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The Independent Investor: Insider Trading Alive & Kicking on Capitol Hill
By Bill Schmick On: 07:12PM / Thursday April 18, 2013
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It happened while most of us were focused on paying our taxes. By unanimous consent, both the House and the Senate repealed a portion of the Stop Trading on Congressional Knowledge Act (The STOCK Act) in just 30 seconds with no debate or discussion. President Obama signed it into law on April 14 — shame on them.

I should have known it was too good to be true. Readers may recall my December 2011 column where I celebrated the passage of the STOCK Act, which made it illegal for congressmen and their staffs to profit from insider information just like the rest of us. It was one of the few actions of a do-nothing Congress (their approval rating at the time was just 9 percent) that I applauded as overdue and a step in the right direction.

It wasn't the first time I had written about the insider profits both senators and Congressmen had been making over the years. In my May 2011 column "Gordon Gekko Should Run for Congress" I explained:

"On average, the lower house members beat the market by about 6 percent a year while those of the higher chamber wrack up a 10 percent level of outperformance annually. Now, if you believe that's purely coincidental, well, I have a bridge I can sell you cheap."

Shortly before my second column on the subject, a "60 Minutes" report brought national attention to this scandal, highlighting profits made by political figures such as Democratic Senate Majority Leader Harry Reid. The public outrage was such that the STOCK Act passed both houses of congress quickly.

I complained at the time that the act was loaded with loopholes. For example, the rules apply to only information obtained by "pending legislation," however, tons of other kinds of insider information obtained from governmental sources such as a regulatory briefing would be allowed. Unlike existing public insider trading laws, which are deliberately broad and vague, the politicians' guidelines are quite specific and narrow.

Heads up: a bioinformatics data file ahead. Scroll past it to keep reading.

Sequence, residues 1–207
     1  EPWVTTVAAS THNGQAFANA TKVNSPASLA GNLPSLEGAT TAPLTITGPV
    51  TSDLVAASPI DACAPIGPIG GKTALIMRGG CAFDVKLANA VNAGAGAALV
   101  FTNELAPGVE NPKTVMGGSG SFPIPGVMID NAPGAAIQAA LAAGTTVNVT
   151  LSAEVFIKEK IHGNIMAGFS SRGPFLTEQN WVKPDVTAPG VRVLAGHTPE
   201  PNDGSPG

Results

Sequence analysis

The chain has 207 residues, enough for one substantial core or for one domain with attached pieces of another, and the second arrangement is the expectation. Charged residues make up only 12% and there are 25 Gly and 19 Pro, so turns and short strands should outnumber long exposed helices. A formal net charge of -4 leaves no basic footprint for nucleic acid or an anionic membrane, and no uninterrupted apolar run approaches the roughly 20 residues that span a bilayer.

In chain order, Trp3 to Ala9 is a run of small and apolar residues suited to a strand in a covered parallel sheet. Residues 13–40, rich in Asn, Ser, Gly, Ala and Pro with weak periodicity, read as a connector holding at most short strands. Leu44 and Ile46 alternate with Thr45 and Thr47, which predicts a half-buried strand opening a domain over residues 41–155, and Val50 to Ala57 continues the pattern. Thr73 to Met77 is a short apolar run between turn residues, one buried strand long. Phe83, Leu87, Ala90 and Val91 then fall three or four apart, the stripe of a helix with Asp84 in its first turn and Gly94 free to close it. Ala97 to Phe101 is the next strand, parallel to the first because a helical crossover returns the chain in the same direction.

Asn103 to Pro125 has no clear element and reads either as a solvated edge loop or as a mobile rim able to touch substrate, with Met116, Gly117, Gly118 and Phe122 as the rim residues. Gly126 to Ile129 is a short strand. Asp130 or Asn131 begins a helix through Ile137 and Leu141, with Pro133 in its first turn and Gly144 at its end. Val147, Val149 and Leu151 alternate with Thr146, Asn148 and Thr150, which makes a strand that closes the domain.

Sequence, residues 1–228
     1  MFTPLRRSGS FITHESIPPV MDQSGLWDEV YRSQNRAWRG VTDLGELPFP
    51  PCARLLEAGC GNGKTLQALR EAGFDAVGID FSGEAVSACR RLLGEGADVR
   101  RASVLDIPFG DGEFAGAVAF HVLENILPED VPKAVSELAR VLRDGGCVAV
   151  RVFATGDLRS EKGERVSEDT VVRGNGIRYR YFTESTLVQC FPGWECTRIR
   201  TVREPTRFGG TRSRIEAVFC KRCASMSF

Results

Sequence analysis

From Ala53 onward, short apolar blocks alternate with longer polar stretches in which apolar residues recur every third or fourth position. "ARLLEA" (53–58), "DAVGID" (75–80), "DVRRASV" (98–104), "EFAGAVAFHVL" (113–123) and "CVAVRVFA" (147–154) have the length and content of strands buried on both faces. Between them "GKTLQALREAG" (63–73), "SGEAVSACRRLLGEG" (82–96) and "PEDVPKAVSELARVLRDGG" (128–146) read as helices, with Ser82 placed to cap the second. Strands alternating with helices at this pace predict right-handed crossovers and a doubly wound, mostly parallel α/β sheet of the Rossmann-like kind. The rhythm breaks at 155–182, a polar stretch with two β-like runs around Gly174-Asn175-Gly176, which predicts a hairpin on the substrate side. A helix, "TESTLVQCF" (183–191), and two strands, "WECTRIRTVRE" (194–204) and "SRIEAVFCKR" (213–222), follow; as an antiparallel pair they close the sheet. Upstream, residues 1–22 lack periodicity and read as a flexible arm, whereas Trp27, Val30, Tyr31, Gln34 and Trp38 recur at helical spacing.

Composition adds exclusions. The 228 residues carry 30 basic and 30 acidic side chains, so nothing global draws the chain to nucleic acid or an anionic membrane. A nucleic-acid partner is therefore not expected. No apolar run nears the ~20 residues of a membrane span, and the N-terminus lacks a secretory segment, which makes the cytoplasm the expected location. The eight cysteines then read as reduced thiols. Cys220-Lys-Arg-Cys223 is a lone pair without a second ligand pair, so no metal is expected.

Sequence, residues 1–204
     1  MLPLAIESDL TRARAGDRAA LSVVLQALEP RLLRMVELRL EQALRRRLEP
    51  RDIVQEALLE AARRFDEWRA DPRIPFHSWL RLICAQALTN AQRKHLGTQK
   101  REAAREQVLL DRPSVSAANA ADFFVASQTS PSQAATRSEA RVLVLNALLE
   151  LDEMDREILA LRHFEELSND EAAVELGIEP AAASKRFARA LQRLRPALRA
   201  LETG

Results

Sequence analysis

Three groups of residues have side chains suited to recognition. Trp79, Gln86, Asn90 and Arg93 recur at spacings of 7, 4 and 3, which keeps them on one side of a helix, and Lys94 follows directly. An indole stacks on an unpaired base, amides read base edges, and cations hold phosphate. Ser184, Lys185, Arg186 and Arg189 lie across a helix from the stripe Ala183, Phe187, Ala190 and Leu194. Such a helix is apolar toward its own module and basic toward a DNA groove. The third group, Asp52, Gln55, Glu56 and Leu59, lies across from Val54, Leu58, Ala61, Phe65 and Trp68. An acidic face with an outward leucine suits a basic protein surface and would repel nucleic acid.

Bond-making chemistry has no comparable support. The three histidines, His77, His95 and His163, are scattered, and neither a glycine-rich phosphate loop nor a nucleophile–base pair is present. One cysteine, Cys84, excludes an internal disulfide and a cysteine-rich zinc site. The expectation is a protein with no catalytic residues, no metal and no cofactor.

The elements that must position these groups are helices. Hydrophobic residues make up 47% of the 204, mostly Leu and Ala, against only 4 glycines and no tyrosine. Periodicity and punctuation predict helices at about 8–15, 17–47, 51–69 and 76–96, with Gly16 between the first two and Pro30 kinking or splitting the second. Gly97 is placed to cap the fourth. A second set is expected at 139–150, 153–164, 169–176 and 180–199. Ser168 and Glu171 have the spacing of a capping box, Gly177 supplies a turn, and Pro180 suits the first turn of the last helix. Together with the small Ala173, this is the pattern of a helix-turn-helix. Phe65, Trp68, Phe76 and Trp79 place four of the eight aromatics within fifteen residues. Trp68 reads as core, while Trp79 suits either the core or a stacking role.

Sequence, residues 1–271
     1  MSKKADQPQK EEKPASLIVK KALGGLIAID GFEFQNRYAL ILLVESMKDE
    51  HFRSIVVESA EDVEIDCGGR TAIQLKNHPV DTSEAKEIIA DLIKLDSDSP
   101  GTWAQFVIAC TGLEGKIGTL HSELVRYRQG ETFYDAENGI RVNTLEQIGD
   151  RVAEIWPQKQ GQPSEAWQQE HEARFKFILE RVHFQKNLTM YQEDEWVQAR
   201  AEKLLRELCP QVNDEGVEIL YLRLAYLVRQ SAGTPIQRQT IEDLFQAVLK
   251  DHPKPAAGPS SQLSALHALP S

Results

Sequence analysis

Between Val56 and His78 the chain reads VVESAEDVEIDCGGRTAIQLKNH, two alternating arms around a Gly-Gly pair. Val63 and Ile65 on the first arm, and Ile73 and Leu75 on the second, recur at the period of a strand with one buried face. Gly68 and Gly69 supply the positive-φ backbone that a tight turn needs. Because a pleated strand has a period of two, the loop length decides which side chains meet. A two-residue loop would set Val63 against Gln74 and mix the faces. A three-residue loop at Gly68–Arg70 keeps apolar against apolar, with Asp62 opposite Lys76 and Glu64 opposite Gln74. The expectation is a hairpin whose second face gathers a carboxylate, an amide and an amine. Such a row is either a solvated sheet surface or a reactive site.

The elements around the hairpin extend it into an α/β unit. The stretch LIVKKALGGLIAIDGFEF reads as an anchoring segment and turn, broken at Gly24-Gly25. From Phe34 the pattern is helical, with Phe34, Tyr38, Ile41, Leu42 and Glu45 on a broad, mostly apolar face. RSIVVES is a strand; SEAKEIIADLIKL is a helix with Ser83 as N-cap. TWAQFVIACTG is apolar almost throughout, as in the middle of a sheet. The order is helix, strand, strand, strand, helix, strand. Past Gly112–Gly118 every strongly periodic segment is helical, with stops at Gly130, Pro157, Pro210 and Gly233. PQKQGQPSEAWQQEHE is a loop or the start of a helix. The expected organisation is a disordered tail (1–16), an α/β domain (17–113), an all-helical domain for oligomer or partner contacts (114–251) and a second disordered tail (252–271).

The original law required extensive disclosure of financial holdings by congressional staffers and 28,000 senior executive branch employees. Our elected officials, including the president, are already required to disclose their financial activities. The disclosures were to be posted in an online database open to the public. This database was an important part of the law since it would allow public watchdogs to quickly identify profitable trading activity by thousands of staffers.

Prior to the STOCK Act, the financial positions of staffers was part of the public record but were not readily available, making scrutiny deliberately difficult. Information had to be requested on a name by name basis from individual agencies. The process was so time consuming and onerous that it effectively blocked the public from obtaining information buried in these records.

In the name of "national security," this new change within the law removes the requirement to create a searchable index of financial trading activity and ownership in an online database. As a result, it makes it extremely difficult, if not impossible, for researchers to monitor compliance with the law or even obtain records of these public employees. In effect, the law has been gutted.

If you are wondering why this modification was passed by unanimous consent in the middle of the night, a year after it was originally passed, consider this. The elections are over and the politicians figure you will forget all about this by the time 2014 rolls around. In addition, a unanimous vote does not require any specific legislator to be singled out by name in this most blatant act of self-dealing.

Oh, and by the way, guess who sponsored the legislative change — your friend and mine, Sen. Harry Reid. Enough said.